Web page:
Optical Fiber Tutorial,
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Tutorial Note #4 Basics of Optical Communication
This Application note describes the basics of optical communication. A brief overview about generating and detecting optical signals is given. Important parameters of a high-speed optical transmission system are introduced, followed by an overview of the different modulation formats.
In a PIN diode an electronhole pair is generated when a photon with an energy above the bandgap energy is absorbed. For an ideal PIN diode each photon would generate one electronhole pair. Real world PIN diodes have less efficiency; the quantum efficiency takes this into account. A common detector parameter is known as responsivity, r, in terms of photocurrent per optical power (A/W).
A photodetector generates a photocurrent according to the amount of incoming light and its responsivity. The photocurrent is converted into a voltage by a amplifier or a resistor. It is important to point out that the optical input power is the sum of the optical average power and the optical modulation power.
This example explains why the optical average power and the optical modulation power are of interest: An optical signal with an optical power of 100 W when a 0 is transmitted and an optical power of 1000 W when a 1 is transmitted are detected by a detector with a responsivity of 20 V/W. The electrical signal will therefore be between 2 mV (for 0) and 20 mV (for 1). If this signal is AC coupled, the DC term (corresponding to the optical average power) will be filtered off. The remaining signal corresponds to the detected optical modulation power.
Laser is the abbreviation for: Light Amplification by Stimulated Emission of Radiation There are two mechanisms for producing photons: 1) Spontaneous Emission: Stochastic recombinations of electron hole pairs generate photons, this is the principle of an LED 2) Stimulated Emission: A photon can cause further electron-hole recombinations, and thereby produce more photons. These photons have the same phase and wavelength as the stimulating photon. This mechanism is the basis of the laser.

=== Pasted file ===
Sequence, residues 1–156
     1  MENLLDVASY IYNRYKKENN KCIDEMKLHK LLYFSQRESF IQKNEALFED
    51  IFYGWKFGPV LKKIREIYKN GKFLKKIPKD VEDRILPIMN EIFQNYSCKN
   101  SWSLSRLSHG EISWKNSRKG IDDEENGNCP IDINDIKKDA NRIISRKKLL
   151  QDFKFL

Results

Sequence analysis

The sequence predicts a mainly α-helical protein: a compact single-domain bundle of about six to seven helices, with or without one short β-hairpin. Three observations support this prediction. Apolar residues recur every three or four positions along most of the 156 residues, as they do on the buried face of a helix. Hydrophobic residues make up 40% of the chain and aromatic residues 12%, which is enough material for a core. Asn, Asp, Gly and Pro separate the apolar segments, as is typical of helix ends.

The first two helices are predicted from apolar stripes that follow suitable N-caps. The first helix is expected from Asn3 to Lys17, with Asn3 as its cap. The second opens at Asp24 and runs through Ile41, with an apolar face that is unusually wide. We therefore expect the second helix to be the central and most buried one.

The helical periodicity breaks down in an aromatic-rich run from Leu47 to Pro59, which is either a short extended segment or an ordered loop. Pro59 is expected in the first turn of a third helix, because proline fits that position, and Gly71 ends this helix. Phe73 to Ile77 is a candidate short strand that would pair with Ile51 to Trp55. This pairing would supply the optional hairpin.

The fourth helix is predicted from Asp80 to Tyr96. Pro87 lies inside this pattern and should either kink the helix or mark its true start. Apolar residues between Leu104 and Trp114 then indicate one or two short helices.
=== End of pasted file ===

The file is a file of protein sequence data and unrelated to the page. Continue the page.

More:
In a laser diode, two semi-transparent mirrors form an optical resonator. As the resonator length is large compared to the wavelength several modes (integers of a wavelength) are generated.
In a Distributed Feedback laser, distributed feedbacks (reflections) inside the resonator suppress all possible modes but one. As the good side mode suppression is achieved by internal reflections that are carefully designed, the DFB laser is very sensitive to external reflections; this means a high optical isolation is necessary.
As we have already seen, the quality of an optical transmission is not only given by the received power but also by the ratio in power of the on/off state. The extinction ratio is the parameter describing this ratio. The ER can be expressed in linear terms (without any unit), logarithmic (in dB) or in percent.
Lets go back to the example on page 3: The optical signal had an optical power of 100 W when a 0 was transmitted and an optical power of 1000 W when a 1 was transmitted, this translates to an extinction ratio of 10.